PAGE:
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How to make three random words secure

(Last updated on January 18, 2021)

When the National Cyber Security Centre (NCSC) started promoting three random words as passwords, the general public had practical advice that was easy to follow. While it is extremely valuable to provide sound advice for choosing passwords, the perceived level of security provided by three random words has been hotly debated. As is often the case with cyber security, the debate is centered on balancing security and usability. Three random words can be a secure method for setting passwords, if used together with a password deny list of known leaked passwords.


Three random words, also known as #thinkrandom, is an initiative from the NCSC to educate the general public on how to choose secure passwords that are still easy to remember. The initiative was introduced to undo years of security advice that told people to combine different character types when creating passwords. Research has since found that character complexity requirements failed to achieve what it set out to do – make passwords harder to crack. Its failure can be blamed on people following the same character composition patterns (i.e. capital letter to start, number at the end, replacing the letter s with $, etc).  

Easy to guess passwords

The three random words initiative is designed to address billions of weak passwords that are easy to guess. This means that even without sophisticated password cracking techniques, hackers can come up with likely passwords to try on different accounts, either in a credential stuffing attack or in a targeted attack against an individual. Easy-to-guess passwords with multiple character types include:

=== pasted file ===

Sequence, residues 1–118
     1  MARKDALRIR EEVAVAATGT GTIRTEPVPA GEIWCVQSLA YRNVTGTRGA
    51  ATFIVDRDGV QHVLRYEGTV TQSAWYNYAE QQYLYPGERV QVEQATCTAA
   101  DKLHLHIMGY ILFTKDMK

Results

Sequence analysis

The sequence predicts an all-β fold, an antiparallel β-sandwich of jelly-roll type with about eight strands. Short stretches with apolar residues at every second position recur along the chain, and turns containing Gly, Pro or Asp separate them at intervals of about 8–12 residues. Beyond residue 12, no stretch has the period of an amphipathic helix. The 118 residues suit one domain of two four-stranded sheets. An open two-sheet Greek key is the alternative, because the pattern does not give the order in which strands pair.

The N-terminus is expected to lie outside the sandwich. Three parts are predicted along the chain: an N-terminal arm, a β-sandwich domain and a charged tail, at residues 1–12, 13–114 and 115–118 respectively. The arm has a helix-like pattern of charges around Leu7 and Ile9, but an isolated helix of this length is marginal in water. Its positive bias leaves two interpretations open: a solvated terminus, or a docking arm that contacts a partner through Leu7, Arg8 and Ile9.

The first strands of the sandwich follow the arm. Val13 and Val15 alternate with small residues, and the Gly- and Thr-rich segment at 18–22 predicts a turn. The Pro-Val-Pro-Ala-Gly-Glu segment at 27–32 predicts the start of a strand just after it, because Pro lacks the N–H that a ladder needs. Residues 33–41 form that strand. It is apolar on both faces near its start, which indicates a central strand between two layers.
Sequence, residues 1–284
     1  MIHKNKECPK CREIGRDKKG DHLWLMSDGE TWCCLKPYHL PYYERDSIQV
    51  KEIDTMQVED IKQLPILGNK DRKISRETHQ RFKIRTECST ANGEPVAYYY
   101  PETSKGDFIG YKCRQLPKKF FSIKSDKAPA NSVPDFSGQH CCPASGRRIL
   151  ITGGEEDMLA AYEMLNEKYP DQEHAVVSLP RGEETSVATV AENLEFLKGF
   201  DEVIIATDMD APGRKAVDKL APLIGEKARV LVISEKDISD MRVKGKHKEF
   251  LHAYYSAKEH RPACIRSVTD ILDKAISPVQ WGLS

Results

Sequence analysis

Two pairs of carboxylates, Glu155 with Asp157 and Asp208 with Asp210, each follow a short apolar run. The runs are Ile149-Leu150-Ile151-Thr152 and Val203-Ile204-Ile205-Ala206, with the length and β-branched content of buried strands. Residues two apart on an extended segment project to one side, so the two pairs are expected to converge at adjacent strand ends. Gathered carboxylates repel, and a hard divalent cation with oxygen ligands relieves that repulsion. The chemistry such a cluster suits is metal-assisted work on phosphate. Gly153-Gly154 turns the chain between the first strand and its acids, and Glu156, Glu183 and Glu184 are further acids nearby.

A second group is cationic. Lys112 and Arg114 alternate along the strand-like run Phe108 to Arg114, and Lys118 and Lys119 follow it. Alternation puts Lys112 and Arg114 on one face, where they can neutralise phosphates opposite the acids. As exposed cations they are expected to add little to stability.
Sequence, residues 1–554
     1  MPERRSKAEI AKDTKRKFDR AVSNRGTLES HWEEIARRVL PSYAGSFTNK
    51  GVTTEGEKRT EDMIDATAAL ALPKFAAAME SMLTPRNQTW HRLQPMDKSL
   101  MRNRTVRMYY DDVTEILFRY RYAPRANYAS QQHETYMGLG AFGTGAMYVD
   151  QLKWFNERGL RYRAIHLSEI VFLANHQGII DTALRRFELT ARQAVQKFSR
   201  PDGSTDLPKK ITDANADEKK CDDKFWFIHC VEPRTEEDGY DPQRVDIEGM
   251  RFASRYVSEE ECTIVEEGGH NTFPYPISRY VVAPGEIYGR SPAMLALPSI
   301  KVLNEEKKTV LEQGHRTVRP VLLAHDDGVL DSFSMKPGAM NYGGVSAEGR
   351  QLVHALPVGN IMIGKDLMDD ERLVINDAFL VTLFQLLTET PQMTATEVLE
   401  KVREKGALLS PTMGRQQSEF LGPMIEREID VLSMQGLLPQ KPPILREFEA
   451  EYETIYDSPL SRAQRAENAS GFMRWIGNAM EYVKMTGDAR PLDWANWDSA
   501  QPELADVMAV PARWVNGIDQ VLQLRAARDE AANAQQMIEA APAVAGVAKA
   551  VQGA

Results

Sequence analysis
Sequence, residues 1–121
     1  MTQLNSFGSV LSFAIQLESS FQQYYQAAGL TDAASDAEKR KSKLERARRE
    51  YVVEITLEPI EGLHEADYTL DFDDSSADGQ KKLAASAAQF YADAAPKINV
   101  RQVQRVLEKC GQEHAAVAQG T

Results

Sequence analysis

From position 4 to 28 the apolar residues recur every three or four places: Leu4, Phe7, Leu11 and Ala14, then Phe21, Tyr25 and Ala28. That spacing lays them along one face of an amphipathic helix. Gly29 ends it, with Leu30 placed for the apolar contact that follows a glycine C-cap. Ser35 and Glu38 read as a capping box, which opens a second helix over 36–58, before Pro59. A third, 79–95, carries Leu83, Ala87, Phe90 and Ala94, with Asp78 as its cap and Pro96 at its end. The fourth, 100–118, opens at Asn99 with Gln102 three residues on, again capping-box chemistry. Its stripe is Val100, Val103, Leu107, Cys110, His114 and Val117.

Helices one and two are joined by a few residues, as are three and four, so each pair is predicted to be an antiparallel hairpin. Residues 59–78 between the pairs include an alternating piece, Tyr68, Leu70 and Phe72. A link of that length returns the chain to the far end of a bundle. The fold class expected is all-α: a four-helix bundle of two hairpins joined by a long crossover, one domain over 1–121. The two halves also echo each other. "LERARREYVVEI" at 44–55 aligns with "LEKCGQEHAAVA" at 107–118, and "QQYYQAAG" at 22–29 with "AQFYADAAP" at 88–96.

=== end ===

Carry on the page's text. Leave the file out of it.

Examples of three random words passwords provided by the NCSC include:



Falls short to brute force

Critics of the #thinkrandom advice often bring up the time needed to break a password hash in a brute-force attack. When comparing two 14-character long passwords, one with three random words and one randomly generated using multiple character types, the multiple-character type password will take longer to crack in a brute force attack. This article explains the math to back up the criticism and recommends a Password Manager as a solution to needing to remember so many randomly-generated passwords.

Proponents of the advice believe in providing tips that the general public can follow, in order to improve the security of passwords. While critics of the advice can point out the most sophisticated randomly-generated passwords and show how these are more secure. Both are right, but they represent extremes of the password security spectrum. Is there a middle ground that uses easy-to-follow advice and combines this with another layer of protection?

Make three random words more secure

One way to improve the security of the three random words advice is to combine it with a password deny list of known compromised passwords. A compromised password deny list is designed to prevent a password dictionary attack, where a hacker uses a password list from a previous data breach to gain access to an account. The breached password deny list improves the security of the three random words passwords by blocking passwords that have appeared on previous data breaches. This way people can choose passwords that they can remember, and are also not published online for hackers to use.

Will this make it harder for people to choose three random words passwords? No, if people follow the advice and choose words at random, it will not be difficult to find passwords that do not appear on the compromised passwords list.

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